Mohammed Kudus needed one official game to conquer Ajax's hearts and now the clash with Liverpool beckons for the world to see. A moving life story preceded the promising Ghanaian playmaker's first season with the European giants. "He's comfortable doing extraordinary things."
Mohammed Kudus (born August 2 in 2000) reveals a large part of his past on his first working day in Amsterdam. During his presentation he wears a black shirt with the text 'Nima Native' on it.
Nima (City of the King) is a popular and populated neighborhood in Accra, where a large nubmer of the people, mostly Muslims and speak the Hausa language, work hard to make a living. In the Kudus' household there is an example.
His mother and grandmother, who all helped to raise him, worked extremely hard to support Mohammed and his three older siblings sometimes selling a local delicacy called Tuo Zaafi and hashtags his mum as #meituo on Instagram which means the Seller of Tuo Zaafi.
That brand new Ajax player has not forgotten and it is evident from the video he posted on Instagram. While his popular countryman Shatta Wale pays a vocal tribute to his mother through his songs, Kudus does same with a self-compiled clip of highlights and family photos.
For example, his mother can be seen selling food in Accra, praying and getting an arm of her youngest son around her at every photo moment. At the end of the song, Kudus himself can be heard: "She risked her life to take care of me and my family ..."
In an earlier interview in Denmark, where he played for Nordsjaelland, Kudus hinted that his family was neither rich nor poor in Nima. He never went to bed hungry, but probably because someone else often sacrificed himself for it. "It is not up to me to elaborate on his private life," said Jan Laursen, sports director of Nordsjaelland.
“What the video does say is that he will always remember where he comes from. Apart from the player who is Kudus, he is also very smart for his age. He is always aware of what is happening around him. He is in full swing. ''
For example, Kudus also posts photos of a book, a Paralympian or his continent, accompanied by a profound message. The gifted playmaker is only 20, but has been through enough to provide his fans with wise life lessons.
His football dream starts with Dynamic Heroes in Nima. At the age of 12, Kudus leaves his family to find out a few hundred kilometers away whether the 'Right to Dream Academy' would be his springboard to Europe.
It will be, courtesy of former Manchester United chief scout for Sir Alex Ferguson. Tom Vernon has an eye for talent. "Most importantly," adds Laursen, "he has a very big heart."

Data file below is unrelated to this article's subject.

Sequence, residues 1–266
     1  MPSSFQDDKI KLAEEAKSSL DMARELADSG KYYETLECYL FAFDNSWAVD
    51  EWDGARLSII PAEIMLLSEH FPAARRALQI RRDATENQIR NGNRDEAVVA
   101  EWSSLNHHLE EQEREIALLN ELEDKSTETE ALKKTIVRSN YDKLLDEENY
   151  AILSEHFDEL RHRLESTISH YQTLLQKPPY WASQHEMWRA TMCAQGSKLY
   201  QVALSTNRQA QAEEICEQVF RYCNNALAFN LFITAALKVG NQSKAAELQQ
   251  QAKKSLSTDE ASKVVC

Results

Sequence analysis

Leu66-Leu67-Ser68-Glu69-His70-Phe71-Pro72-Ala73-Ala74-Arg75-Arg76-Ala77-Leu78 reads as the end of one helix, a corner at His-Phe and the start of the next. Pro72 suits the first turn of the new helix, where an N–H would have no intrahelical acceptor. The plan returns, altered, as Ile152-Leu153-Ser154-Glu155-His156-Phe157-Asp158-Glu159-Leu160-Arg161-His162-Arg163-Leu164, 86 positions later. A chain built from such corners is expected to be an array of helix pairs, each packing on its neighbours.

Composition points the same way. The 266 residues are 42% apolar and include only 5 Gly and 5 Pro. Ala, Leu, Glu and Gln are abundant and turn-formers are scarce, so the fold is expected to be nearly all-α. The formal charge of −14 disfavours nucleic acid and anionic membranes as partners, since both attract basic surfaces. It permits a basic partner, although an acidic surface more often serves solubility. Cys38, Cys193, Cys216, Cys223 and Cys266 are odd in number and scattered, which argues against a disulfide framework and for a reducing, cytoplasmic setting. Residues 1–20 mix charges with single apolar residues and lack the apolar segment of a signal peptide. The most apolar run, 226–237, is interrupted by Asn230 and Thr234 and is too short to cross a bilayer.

Since 1999, the philanthropist and football player in Vernon has literally brought African young people into his home to lift them out of struggles of life (by providing them with food, shelter and education) to offer them the opportunity to capitalize on their talent.
"There is a good chance that the new Lionel Messi or Usain Bolt will be in Africa, but will not get the chance to develop his talent," Vernon said in 2017, two years after he became owner and president of the Danish club Nordsjaelland.
Because Nordsjaelland forges a collaboration between the Danish team and Right to Dream academy players for youth tournaments, Kudus has been active in Europe before moving permanently to Denmark in 2018.
From then on, Kudus prays five times a day in Denmark. He combines his faith as a Muslim with Danish life, which he assimilates fairly silently. According to old acquaintances also because Kudus is aware that mastering the basics of the Danish (football) language and customs benefits his game.
“On the field he mastered the Danish style, which is less wild than in Africa, quite quickly”, claims Andreas Skovgaard, currently on loan from Heerenveen to the Swedish side Orebro. “In training we immediately saw how fast, strong and technical he was. The trainers too. They couldn't wait to line it up. ”
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Kudus was then awaiting a work permit, Laursen recalls. “Then he played with the Under 23 against Liverpool. He claimed all the balls, was fantastic and scored. We won 5-2. Whether he's playing a friendly or important game, pressure doesn't get to him. He is not at all arrogant but already very self-aware and independent. He plays with such confidence. ”
When Skovgaard gets questions about Nordsjaelland at Heerenveen, he invariably states that, despite his eighteen years, Kudus would immediately be the best player in Denamrk. “He was that good already. What you in the Netherlands don't know about him yet? He is caring and humble. With the months he crawls out of his shell. Just watch his dancing later. ”
Kudus will also adapt quickly in the Netherlands, predicts Laursen. “I say that because he has a lot of discipline. He never missed a workout here in his time. In fact, he has never been too late. ”
In Farum they enjoy Kudus' dances with and without the ball for two years. Then the top clubs from the Bundesliga and Premier League have been in line for a while.
In July, Ajax will get one of the greatest African talents for nine million euros. “I understand that choice from his side. He wants to find the right path and with the way Ajax plays football and develops talents, this is a logical step ”, says Laursen, who honestly admits that he already misses Kudus. "He gave training a little something extra because he is so comfortable doing extraordinary things."
This is evident during his baptism of fire against Waalwijk in the Dutch top-flight which Ajax won 3-0. The Ghanaian international Kudus immediately crowned himself the match winner for Ajax with his performance as he delights fans with interceptions and cunning passes. Former teammate Skovgaard also sees this. “The praise that is now being released in the Netherlands does not surprise me. It doesn't affect him. I think that is the character of big players. ”